So while there is plenty of opportunity for the metals industry in the years to come, it is crucial that the industry tackles the issue of its own emissions. Some in the industry are making strides to cut emissions, with the prominence of 'green' aluminium growing. Government policy will play an important role, with producers that fail to rein in emissions penalised through some form of carbon tax. The EU already has a well-established emissions trading system, while China has recently launched its own. For now, China's system only incudes the power sector, however more sectors will be included gradually over time. Such policy would drive the industry to find new production technologies which are lower emitting. Harmonisation of carbon taxes around the globe would also prove beneficial, as this would mean that producers have to find solutions to lower emissions, rather than setting up operations where carbon emissions come under less scrutiny. The EU is trying to combat this by implementing a carbon border tax.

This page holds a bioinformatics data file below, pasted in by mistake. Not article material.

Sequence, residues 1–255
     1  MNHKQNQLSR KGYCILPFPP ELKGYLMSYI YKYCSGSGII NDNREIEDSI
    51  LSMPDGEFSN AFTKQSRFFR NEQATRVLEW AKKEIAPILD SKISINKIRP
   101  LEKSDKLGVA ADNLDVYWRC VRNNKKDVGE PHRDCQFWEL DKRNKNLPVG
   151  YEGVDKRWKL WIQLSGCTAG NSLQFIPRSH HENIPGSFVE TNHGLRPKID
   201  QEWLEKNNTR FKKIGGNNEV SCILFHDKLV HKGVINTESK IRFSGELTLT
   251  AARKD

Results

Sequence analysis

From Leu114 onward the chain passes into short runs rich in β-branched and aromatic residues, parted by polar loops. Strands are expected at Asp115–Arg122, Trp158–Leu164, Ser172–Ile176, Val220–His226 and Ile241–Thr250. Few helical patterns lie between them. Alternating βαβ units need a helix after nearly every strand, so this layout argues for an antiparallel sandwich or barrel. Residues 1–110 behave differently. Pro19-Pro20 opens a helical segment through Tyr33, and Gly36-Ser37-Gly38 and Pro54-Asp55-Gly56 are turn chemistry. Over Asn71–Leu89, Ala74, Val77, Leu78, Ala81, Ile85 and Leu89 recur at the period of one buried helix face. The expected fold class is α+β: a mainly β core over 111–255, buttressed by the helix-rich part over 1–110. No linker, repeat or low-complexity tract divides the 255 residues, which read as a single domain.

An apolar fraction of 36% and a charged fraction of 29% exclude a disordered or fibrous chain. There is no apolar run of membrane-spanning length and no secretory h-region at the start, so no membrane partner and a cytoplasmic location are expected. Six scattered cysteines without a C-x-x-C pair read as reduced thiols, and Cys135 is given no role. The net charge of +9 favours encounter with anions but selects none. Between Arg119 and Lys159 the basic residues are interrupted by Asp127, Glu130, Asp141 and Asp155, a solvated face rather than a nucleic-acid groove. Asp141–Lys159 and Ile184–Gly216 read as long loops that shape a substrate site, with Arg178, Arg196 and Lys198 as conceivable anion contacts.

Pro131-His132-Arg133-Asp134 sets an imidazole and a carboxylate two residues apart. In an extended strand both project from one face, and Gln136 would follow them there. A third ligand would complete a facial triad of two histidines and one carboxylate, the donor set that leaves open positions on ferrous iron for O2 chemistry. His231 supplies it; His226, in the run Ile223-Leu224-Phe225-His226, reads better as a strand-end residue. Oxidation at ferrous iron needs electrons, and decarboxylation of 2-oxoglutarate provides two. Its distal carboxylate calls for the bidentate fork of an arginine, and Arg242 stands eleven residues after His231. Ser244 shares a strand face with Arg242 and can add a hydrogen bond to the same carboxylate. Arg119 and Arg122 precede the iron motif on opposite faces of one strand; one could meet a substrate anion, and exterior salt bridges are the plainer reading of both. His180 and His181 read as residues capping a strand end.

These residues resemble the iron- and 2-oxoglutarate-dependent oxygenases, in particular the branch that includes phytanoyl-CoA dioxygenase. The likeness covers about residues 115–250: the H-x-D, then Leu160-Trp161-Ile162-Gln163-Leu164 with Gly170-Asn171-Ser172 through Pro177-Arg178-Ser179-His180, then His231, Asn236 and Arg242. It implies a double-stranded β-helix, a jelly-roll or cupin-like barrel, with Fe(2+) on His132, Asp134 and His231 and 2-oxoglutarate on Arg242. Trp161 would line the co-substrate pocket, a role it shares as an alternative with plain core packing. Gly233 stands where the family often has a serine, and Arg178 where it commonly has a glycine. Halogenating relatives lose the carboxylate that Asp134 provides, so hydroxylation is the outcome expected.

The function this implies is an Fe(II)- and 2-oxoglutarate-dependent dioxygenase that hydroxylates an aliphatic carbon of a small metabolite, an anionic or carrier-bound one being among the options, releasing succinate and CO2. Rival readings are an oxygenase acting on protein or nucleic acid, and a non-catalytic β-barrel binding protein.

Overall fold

Given the lower energy intensity of recycling, this will also play an important role for the industry to reduce emissions. For example, emissions from secondary aluminium are a fraction of that from primary production, at just 0.6t per tonne of aluminium produced, according to the International Aluminium Institute.
Recycling rates still have the potential to increase significantly. Aluminium sees one of the highest recycling rates, currently at around 76%, nickel is around 68%, while copper comes in at around 60%. Cobalt and lithium see much lower rates, with end of life recycling rates for cobalt standing at around 32% and less than 5% for lithium. These rates will undoubtedly increase as these two markets grow.
Increased recycling not only helps when it comes to lowering emissions, but will also help to meet the robust demand growth that is expected in the years to come.